The latest archeological excavations at the historical site of Amida Mound in southeastern Turkey’s Diyarbakır province have revealed new findings that shed light on the history of the region. Professor Irfan Yıldız, head of the archeological team, believes with the help of new prehistoric discoveries, the mound will attract more visitors to the heart of Diyarbakır.
Archeological work at the Amida Mound has been ongoing since 2018 with several exciting new findings made in the last two years.
Yıldız, speaking to Anadolu Agency (AA), said that the historical Sur district, where the mound is located, was home to many ancient civilizations, including the Hurrians and Mitannis, Urartians, Assyrians, Persians, Romans, Umayyads, Abbasids, Artuqids, Seljuks, and the Ottomans.
The latest excavations at the site were recently completed, with archaeologists unearthing several movable cultural heritage assets from various periods of history, dating back as far as 8,000 years.
Previous archeological work had revealed water channels and the earliest-known heating system in history, which were believed to be 1,800 years old, along with 1,700-year-old burial chambers. Recent digs have added several cultural assets to that growing historical catalog.
Yıldız noted that both last year’s and this year’s excavations discovered coins bearing a double-headed eagle figure, which was the coat of arms of Nasir ud din Mahmud, the eighth sultan of Mamluk Sultanate which built several historical structures in Diyarbakır, including the Artuqid Palace.
“Last year we found a coin minted by Nasir ud din Mahmud in Diyarbakır. This year, we unearthed three more coins. The fact that these coins were minted in Amid shows how highly the site was regarded by the Artuqids,” Yıldız said. He explained how the coins shed new light on the history of the region.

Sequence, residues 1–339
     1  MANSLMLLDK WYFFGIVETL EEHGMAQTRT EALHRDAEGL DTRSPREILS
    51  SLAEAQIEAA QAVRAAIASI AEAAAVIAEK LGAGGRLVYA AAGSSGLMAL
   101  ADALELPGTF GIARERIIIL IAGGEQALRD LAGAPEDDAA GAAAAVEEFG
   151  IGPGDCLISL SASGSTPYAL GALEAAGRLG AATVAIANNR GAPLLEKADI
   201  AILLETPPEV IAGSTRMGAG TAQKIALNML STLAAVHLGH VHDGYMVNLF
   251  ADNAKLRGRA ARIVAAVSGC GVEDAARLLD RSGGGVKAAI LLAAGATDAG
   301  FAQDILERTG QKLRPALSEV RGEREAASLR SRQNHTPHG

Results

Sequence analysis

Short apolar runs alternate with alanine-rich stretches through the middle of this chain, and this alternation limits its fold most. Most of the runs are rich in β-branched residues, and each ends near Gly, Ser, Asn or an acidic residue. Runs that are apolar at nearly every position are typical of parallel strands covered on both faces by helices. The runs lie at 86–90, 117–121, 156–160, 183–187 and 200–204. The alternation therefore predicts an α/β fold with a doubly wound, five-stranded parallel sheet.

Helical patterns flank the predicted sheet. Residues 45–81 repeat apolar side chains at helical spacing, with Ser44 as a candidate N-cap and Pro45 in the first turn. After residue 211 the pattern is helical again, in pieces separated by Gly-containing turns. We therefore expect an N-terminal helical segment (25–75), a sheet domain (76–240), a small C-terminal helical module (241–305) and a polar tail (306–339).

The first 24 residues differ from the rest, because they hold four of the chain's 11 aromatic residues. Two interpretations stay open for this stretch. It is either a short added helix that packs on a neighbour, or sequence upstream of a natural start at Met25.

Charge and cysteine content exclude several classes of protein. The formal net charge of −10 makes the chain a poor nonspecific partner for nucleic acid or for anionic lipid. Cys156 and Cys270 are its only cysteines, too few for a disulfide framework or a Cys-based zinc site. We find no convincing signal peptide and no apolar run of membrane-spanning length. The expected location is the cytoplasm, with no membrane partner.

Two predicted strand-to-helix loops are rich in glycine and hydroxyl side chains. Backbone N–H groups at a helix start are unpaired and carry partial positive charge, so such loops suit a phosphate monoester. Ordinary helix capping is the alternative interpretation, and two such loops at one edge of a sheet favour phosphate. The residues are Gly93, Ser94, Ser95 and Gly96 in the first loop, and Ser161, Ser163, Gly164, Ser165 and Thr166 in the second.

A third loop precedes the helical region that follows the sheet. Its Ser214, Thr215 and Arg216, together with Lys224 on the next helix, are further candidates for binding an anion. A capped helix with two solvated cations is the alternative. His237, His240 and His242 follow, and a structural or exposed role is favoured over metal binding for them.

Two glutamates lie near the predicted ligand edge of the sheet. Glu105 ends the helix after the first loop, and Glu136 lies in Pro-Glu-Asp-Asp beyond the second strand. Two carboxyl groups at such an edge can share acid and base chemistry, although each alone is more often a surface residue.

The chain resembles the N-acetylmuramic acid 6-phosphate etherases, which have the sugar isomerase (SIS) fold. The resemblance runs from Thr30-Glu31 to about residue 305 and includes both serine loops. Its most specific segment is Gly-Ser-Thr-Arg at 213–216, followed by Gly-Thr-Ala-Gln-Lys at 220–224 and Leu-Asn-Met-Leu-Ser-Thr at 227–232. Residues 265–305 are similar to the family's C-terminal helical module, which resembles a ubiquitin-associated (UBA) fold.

“From the coins, we understand that the Artuqids of Hasankeyf and Amid were subjects of Ayyubids, as the name of Ayyubid ruler Malik al-Adil Abu-Bakr was inscribed on the coins. We have unearthed many Islamic era coins, particularly from the Aq Qoyunlu and Ayyubid periods, along with one from Ottoman and another from Republic times. These coins carry significant historical importance.”
Other than coins, several historical ceramic objects have been found at the Amida Mound site.
“Ceramics, ranging from the late Neolithic period, early Chalcolithic period, Bronze Age, Iron Age all the way to the Roman and Islamic periods have been discovered during the latest excavations. We have found Artuqid ceramic pieces adorned with figures for the first time,” Yıldız said.
These go to show that “it (the Amida Mound) is one of the rare sites in the world where settled life has continued, uninterrupted, for 8,000 years,” he added, calling for more support for archeological work.
The findings have been transferred to the Diyarbakır Archeological Museum for further examination.
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